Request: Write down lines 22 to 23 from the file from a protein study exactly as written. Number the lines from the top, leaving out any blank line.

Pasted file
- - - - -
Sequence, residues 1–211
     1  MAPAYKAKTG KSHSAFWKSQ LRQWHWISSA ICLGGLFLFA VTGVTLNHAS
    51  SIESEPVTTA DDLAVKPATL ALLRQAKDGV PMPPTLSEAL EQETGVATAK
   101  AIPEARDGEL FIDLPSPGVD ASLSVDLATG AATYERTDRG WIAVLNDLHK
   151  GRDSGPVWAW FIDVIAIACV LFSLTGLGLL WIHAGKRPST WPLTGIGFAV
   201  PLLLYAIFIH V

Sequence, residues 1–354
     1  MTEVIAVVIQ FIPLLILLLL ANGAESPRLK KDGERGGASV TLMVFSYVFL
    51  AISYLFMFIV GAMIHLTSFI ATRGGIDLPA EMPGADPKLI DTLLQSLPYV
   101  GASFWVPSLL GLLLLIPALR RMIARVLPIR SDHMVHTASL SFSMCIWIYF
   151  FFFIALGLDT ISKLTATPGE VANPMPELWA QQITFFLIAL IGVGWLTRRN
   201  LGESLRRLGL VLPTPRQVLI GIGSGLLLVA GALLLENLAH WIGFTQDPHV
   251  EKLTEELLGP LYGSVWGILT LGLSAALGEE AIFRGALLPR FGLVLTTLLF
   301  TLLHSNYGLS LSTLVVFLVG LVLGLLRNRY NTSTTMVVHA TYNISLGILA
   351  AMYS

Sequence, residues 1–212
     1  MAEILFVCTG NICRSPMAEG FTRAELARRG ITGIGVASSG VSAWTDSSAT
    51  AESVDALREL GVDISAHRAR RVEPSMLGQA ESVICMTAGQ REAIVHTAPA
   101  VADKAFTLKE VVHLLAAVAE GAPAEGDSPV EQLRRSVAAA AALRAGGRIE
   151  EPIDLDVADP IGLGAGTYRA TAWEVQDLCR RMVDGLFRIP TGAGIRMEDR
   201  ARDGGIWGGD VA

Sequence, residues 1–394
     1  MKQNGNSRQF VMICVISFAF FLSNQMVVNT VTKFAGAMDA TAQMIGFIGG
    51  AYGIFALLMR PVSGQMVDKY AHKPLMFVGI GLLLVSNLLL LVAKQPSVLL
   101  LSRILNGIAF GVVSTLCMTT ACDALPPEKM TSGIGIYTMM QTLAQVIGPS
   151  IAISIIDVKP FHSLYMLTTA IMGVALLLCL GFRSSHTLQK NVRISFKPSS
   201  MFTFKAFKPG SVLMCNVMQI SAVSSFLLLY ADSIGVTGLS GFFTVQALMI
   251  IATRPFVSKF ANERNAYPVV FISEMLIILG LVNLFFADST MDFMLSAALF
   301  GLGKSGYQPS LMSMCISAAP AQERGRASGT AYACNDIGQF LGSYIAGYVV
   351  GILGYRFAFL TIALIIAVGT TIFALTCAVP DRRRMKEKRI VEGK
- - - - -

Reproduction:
Sequence, residues 1–394
     1  MKQNGNSRQF VMICVISFAF FLSNQMVVNT VTKFAGAMDA TAQMIGFIGG